You love Lake Tahoe and want to protect it, but your free time is scarce. No problem. Whether you have five minutes or five hours, you can be part of the solution by becoming a #TahoeBlueGooder! There’s no paperwork, training or hassle involved. All you need to do is leave Lake Tahoe better than you found it. Every Lake-friendly action you take makes a difference for the health and clarity of Big Blue.
Ways to Keep Tahoe Blue
There’s always something you can do to protect Lake Tahoe, whether you have five minutes or five hours
- Become a #TahoeBlueGooder.
Use the Citizen Science Tahoe app.
Despite its stunning beauty, Lake Tahoe is threatened – by aquatic invasive species, litter, stormwater pollution and climate change. To Keep Tahoe Blue, the League and our partners rely on science to understand and combat these threats. And that’s where you come in. Use the free Citizen Science Tahoe web app to share your observations and help protect Lake Tahoe.
Prevent the spread of invasive species.
Invasive plants and animals take over native habitat, make water unhealthy and reduce lake clarity. Clean, drain and dry your kayaks, boats and all watercraft, and stay on trails to prevent the spread of invasives. Join our Eyes on the Lake program to help us stop new invasions in their tracks.
Volunteer at a cleanup or restoration event.
Community cleanups and ecosystem restoration events, like Tahoe Forest Stewardship Days, are fun and impactful ways to Keep Tahoe Blue. The League hosts a wide variety of events from April through October each year.
Choose reusables over single-use plastics.
One of the top trash items found at Tahoe beach and community cleanups are single-use plastics, including bottles, lids, straws, utensils and plates. Plastics do not biodegrade, but rather photodegrade, breaking down into smaller pieces under the sun. These “microplastics” are toxic in the water and can look like food to wildlife. Bring your own reusable or shop our store for solutions.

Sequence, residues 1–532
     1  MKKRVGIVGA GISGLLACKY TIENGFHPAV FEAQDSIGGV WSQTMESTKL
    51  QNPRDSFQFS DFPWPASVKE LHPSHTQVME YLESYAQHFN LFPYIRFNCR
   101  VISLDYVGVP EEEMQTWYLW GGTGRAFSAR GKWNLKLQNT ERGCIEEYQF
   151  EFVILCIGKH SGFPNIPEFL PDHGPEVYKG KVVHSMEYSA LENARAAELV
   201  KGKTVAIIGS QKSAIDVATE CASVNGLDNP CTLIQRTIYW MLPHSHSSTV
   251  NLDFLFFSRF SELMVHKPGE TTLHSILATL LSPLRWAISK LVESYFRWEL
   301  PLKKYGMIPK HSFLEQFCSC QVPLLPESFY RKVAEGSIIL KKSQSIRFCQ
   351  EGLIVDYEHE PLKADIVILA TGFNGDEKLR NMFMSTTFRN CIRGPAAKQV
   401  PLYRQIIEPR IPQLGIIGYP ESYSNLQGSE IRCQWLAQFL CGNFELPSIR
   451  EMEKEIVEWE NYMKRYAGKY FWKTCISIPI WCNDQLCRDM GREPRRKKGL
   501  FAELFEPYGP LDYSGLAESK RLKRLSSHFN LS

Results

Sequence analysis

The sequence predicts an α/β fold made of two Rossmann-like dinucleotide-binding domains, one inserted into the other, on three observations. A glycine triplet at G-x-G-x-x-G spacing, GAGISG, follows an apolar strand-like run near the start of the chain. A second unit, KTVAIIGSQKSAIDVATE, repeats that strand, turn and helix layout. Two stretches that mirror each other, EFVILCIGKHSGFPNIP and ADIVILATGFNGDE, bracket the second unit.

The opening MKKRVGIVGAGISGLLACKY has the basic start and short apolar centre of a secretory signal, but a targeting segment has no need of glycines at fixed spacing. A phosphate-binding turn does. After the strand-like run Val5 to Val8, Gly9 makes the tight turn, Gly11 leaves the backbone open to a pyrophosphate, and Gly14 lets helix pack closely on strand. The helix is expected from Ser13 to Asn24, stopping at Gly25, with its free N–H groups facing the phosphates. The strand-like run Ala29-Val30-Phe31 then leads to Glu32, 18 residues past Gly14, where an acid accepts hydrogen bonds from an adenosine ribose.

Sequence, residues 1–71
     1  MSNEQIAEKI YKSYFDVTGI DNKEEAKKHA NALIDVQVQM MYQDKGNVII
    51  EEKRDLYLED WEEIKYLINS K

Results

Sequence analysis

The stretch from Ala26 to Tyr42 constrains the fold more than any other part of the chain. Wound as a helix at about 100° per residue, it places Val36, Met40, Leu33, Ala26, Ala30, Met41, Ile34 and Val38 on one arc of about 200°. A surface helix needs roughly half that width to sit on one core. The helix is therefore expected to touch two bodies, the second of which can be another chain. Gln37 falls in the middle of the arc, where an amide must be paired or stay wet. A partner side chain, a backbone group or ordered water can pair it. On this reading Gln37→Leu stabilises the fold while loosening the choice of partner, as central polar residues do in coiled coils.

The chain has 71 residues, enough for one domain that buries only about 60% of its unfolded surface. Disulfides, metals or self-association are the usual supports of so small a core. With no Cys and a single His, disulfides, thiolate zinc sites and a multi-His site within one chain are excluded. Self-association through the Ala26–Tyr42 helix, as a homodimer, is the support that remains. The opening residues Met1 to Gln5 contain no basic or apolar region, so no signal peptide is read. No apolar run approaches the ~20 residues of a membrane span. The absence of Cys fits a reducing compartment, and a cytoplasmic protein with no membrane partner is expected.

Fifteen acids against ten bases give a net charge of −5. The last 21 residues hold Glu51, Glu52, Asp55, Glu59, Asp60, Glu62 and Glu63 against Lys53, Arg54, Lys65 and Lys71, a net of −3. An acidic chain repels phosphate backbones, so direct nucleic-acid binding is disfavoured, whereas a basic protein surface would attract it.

Living in Tahoe
Get prepared for wildfire.
Following the Caldor Fire, Tahoe firefighters shared lessons learned from battling the flames. Watch their PSA in English or Spanish. The actions property owners took before the fire helped firefighters keep Tahoe homes safe. You can take simple steps today to protect your home and community from the next wildfire.
Adopt your Tahoe happy place.
Living with litter is a part of calling Tahoe home. 15 million annual visitors, plus locals ourselves, place a lot of pressure on the Tahoe environment, and litter is one of the symptoms. Help create a litter-free Tahoe by joining the Tahoe Blue Crew and adopting your favorite trail, beach or neighborhood to keep clean and free of trash.
Bike, walk or take the bus.
Combat pollution by choosing low-impact transportation. Driving pollutes the air and grinds our roads into fine dust and debris that gets caught in runoff and clouds the Lake. Choose an open air transportation option, like walking or riding, or let someone else do the driving.
Choose conservation landscaping.
Support restoration efforts by choosing native or water-wise plants that need less water and fertilizers than lawns. Fertilizers with phosphorus can cause algae growth in the Lake. For tips on using native plants, download the Lake Tahoe Home Landscaping Guide.
Install Best Management Practices on your property.
Property owners at Tahoe are mandated to install measures around their homes and businesses that help Keep Tahoe Blue. Best management practices, or “BMP’s,” help decrease runoff, erosion and pollution in Lake Tahoe. Typical BMP’s include planting native plants, placing mulch on bare dirt, or placing a layer of stones under decks.
Become a League member, volunteer and get involved.
Join the League to support initiatives that protect Lake Tahoe. Get involved by volunteering in our citizen science programs and participating in fun events. Visit our volunteer page to get started.
Take Action Each Season
Tahoe changes a lot with the seasons – so do the ways you can enjoy it and keep it blue. Check out these Lake-friendly activities you can do when the sun is shining or the snow is falling.